Explanation of Position on a Resolution on Female Genital Mutilation

Jason Mack
Counselor for Economic and Social Affairs
U.S. Mission to the United Nations
New York, New York
November 16, 2020


We thank Burkina Faso and the Africa Group for its resolution on intensifying global efforts for the elimination of female genital mutilation.

The United States recognizes Female Genital Mutilation/Cutting, commonly referred to as FGM/C, as a harmful, traditional practice that violates the health and human rights of women and girls and hinders development outcomes. Eliminating violence against women and girls, including FGM/C, is critical to achieving their equality and empowerment. We are working towards the global elimination of FGM/C through multiple approaches, including supporting host country legislation against the practice of FGM/C, assisting countries in implementing their laws prohibiting FGM/C, and supporting community-based programming to raise awareness on the harmful effects of FGM/C. We are also pursuing regional, national, and local coordination among international donors, governments, and community leaders. Though much work remains to be done, each year, more communities come together to assess the role of FGM/C in their lives. The result will be healthier, more empowered girls and stronger communities for the future. The United States recognizes the importance of this resolution in global efforts to address this ongoing challenge.

We regret that the U.S. amendment did not pass, and health related wording that is problematic for us remains in the resolution. The United States therefore disassociates from preambular paragraph 9, operative paragraph 1, and operative paragraph 5. “Sexual and reproductive health” and “health-care services” are controversial terms which detract from the resolution’s recommendations to address female genital mutilation. These terms have accumulated connotations that suggest the promotion of abortion or a right to abortion that are unacceptable to our Administration.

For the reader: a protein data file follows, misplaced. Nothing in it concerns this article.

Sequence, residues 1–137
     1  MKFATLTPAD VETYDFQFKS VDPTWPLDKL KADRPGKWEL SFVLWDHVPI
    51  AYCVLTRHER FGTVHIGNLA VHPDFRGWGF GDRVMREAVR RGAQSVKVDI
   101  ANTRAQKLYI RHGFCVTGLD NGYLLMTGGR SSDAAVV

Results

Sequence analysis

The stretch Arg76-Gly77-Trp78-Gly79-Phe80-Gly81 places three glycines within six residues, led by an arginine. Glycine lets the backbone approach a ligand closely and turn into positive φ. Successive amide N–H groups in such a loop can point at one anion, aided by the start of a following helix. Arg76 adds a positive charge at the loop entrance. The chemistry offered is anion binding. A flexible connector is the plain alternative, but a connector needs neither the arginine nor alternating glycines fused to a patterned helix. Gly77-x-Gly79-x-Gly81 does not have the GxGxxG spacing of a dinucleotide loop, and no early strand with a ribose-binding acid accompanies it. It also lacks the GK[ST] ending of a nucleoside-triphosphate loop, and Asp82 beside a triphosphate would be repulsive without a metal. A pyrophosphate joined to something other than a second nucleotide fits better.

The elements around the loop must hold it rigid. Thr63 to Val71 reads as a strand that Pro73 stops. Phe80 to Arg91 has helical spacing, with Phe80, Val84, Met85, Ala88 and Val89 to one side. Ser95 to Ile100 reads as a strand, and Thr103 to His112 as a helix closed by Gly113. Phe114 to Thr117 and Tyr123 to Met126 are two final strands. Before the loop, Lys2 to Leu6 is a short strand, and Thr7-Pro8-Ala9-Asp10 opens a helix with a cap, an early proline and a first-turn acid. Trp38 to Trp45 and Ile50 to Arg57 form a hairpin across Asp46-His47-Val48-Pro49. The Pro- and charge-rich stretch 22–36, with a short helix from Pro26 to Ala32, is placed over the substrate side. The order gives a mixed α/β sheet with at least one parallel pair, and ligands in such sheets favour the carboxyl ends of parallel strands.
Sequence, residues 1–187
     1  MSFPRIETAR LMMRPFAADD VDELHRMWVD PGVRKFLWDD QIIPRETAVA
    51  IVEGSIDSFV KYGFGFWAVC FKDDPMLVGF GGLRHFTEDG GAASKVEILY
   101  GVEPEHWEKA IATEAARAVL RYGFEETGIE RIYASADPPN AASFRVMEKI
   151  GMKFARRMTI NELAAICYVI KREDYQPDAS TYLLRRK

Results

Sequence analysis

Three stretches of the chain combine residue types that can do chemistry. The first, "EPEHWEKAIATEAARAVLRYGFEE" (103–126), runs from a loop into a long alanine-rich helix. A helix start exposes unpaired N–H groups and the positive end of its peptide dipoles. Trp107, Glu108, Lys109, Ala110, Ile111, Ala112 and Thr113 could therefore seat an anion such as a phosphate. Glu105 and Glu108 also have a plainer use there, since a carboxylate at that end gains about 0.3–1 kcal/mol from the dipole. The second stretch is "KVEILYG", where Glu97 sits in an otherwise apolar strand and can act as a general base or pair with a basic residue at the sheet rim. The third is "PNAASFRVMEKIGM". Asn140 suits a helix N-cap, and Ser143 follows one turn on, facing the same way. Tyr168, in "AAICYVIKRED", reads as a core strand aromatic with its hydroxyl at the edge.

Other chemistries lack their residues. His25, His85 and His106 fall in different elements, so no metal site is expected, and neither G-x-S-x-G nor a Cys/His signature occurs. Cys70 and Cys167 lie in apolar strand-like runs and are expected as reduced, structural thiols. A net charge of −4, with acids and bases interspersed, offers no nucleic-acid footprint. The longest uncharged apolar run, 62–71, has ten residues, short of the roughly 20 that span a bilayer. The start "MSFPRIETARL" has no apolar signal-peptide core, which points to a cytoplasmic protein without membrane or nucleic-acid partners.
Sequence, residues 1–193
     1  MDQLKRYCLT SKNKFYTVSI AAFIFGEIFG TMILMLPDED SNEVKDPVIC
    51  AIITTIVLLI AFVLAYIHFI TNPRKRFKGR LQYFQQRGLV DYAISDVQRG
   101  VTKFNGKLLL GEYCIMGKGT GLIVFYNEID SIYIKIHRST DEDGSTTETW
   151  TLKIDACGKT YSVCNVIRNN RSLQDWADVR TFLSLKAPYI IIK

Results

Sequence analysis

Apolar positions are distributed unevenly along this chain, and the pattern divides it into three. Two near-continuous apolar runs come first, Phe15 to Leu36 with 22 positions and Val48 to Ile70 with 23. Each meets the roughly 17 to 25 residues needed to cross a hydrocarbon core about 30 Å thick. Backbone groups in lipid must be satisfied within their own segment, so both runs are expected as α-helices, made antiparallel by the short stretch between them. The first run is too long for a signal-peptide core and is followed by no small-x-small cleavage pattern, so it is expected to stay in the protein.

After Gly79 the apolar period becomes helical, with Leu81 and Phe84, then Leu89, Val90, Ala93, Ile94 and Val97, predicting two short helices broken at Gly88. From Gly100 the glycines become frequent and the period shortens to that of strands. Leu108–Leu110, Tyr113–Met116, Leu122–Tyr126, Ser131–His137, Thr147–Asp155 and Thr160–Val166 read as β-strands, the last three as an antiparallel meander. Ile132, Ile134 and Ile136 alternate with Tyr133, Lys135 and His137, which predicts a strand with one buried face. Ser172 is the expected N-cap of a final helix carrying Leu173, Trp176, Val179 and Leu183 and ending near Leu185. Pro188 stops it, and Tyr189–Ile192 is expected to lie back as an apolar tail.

The United States is committed to improving women’s health across their lifespan. However, we cannot accept references to “sexual and reproductive health, “sexual and reproductive health-care services,” “safe termination of pregnancy” or any similar language that would promote abortion or suggest inaccurately a right to abortion. As affirmed in the Geneva Consensus Declaration by countries representing every region of the globe, each nation has the sovereign right to implement related programs and activities consistent with its laws and policies, without external pressure or interference. Further, consistent with the 1994 International Conference on Population and Development Program of Action and its report, we do not recognize abortion as a method of family planning, and there is no international right to abortion. We fully support the provision of quality health care to women and girls around the world without promoting abortion.

With regard to this resolution’s references to international law, including international human rights conventions; the 2030 Agenda for Sustainable Development; and education policy, programs, and materials, we addressed our concerns in a statement delivered on November 13.

The United States will continue to work with our partners to eliminate FGM/C, advance human rights, and promote the highest attainable standards of health for all women and girls.